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Arabian Poetry, by W. A. Clouston, [1881], at

p. 209


While Antar was gone to assist the tribe of Mazin, something happened which marred his hopes of winning his beloved Abla, and commenced a series of troubles to himself, to his family, and even to the whole tribe of Abs. This was the betrothal of Abla to a noble Absian named Amarah: "a conceited coxcomb, very particular in his dress, fond of perfumes, and always keeping company with women and young girls." The fame of Abla's beauty having reached this Bedouin exquisite, he sent a female slave to the tents of the family of Carad, to discover whether Abla was as beautiful as was reported of her; and the girl returning with a glowing account of Abla's charms, Amarah conceived a violent passion for her—"his ears fell in love before his eyes." He visits old Malik, and demands his daughter in marriage, promising a handsome dowry. Malik the perfidious is overjoyed at the prospect of such a son-in-law, and very readily gives his consent—hoping, no doubt, that Antar is by this time become food for the ravens and the vultures.

Next day, as Amarah was hastening to Abla's father with the dowry and marriage presents, a messenger arrived to announce the return of Antar and Prince Malik, and the whole tribe went out to welcome them. Antar remained that night with his mother Zebeebah, from whom he learned that Abla was betrothed to Amarah; and "the light was darkened in his eyes." In the morning he acquaints Prince Malik of his uncle's perfidy, and the Prince offers to secure Abla for his friend, by "putting his name on her," and thus keeping off any suitor till Antar was in possession of his wife. Prince Malik then goes to Shedad, and requests him to formally recognise Antar as his son, that he may take rank among the chiefs of the tribe. But Shedad would not consent to do what no Arab chief had ever done before—ennoble his slave-son. The Prince replied that no other chief ever had such a son as Antar: "Let other Arabs follow your example," said he; "good practices are to be admired, even though they are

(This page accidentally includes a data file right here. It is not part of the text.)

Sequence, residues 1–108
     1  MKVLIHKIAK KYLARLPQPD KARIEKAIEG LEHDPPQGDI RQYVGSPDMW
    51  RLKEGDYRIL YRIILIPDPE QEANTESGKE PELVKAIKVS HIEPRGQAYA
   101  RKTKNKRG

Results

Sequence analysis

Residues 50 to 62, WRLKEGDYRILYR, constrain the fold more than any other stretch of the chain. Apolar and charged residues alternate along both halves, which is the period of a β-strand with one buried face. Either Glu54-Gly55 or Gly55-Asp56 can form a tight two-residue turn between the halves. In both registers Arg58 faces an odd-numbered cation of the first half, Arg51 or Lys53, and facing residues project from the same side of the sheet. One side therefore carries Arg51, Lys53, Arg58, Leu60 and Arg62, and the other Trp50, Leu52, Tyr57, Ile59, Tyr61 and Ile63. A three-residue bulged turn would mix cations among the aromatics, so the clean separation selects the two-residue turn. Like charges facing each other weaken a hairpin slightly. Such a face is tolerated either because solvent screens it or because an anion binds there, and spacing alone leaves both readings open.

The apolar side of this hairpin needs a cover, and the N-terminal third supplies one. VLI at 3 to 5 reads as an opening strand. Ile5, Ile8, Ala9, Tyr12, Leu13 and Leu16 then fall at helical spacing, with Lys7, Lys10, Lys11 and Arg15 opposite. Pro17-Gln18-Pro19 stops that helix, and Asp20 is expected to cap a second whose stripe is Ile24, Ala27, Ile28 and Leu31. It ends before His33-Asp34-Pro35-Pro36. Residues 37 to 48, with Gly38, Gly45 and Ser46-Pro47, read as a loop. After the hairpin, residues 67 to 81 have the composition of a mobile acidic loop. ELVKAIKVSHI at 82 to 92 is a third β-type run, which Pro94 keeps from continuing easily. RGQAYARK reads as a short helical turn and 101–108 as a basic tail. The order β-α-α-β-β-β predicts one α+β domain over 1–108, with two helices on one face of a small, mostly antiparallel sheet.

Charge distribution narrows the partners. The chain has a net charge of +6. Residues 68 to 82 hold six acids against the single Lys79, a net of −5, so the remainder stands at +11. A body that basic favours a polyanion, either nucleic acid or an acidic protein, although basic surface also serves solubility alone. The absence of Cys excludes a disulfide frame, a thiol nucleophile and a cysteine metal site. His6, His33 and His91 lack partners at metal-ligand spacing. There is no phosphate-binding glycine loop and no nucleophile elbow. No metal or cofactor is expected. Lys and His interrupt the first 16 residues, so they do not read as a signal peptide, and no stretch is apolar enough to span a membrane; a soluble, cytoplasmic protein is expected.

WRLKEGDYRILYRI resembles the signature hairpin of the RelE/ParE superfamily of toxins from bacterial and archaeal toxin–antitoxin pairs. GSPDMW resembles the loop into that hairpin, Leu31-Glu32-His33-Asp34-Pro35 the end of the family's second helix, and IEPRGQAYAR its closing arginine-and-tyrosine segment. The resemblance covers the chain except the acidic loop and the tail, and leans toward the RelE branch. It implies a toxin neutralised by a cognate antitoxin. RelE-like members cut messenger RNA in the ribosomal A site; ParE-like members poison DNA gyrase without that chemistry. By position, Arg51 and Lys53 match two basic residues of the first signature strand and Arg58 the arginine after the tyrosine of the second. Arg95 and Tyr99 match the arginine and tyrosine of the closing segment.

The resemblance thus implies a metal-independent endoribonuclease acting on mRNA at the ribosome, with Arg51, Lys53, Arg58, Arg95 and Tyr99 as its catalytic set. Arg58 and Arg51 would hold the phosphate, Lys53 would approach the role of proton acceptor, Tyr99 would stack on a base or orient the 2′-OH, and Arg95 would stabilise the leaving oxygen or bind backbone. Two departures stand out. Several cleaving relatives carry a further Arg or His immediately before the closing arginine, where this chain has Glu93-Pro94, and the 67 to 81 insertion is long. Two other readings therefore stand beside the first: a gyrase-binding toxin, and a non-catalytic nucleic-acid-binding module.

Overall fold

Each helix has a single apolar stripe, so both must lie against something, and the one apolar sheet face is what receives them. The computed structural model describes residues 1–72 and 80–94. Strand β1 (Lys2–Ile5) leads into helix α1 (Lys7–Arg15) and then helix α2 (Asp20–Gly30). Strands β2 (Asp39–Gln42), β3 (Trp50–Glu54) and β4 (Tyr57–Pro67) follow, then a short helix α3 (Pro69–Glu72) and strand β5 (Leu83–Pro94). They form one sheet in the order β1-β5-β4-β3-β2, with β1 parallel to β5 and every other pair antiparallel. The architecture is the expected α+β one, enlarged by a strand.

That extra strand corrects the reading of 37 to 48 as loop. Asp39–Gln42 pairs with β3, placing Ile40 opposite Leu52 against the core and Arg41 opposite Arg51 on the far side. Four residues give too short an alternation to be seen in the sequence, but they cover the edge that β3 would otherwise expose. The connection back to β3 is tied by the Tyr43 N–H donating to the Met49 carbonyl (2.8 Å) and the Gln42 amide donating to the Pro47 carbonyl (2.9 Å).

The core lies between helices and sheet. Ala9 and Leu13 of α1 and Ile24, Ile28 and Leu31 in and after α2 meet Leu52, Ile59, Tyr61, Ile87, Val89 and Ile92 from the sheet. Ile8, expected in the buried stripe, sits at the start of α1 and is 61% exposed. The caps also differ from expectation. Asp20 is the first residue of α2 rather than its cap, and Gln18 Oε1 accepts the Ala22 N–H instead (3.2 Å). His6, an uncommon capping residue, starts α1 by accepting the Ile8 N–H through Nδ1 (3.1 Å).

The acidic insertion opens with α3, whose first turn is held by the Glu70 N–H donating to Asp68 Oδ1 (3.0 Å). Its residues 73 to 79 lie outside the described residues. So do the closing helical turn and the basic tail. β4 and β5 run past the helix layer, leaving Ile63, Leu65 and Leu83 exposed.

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new." But all that the Prince's arguments could effect in favour of Antar was a promise from Shedad that "he would consider the matter."

In the meantime, Antar meets his rival riding away from old Malik's tent, where he had been visiting. Amarah, in the excess of his vanity, addressed the hero in insolent language, to which Antar replied by seizing the coxcomb, and dashing him senseless to the ground. Amarah's followers rushed upon the hero, who would probably have been soon overpowered had not Prince Malik, returning from his interview with Shedad, come to his rescue, and, gallantly crying, "Verily Antar is a rare onyx among a people who know not his worth!—Come on, Antar!—now for the family of Zeead!" lustily plied his sword among them, until the King came up and separated the combatants.

Although the coxcomb Amarah richly deserved the punishment he received from Antar, yet for a slave to raise his hand against a noble Absian was an unpardonable offence in the opinion of the hero's enemies; and his father Shedad was therefore compelled to send Antar back to his former occupation of tending the flocks and camels. At the same time Antar had to endure the mortification of seeing the warriors of Abs prepare to resist a threatened attack of the tribe of Tey. But his mother Zebeebah brings him a message of love and consolation from his faithful Abla "Soothe the heart of my cousin Antar; and tell him that, if my father even makes my grave my resting-place, none but him do I desire—none but him will I choose."

Next: Battle of the Tribes of Abs and Tey—Antar to the Rescue!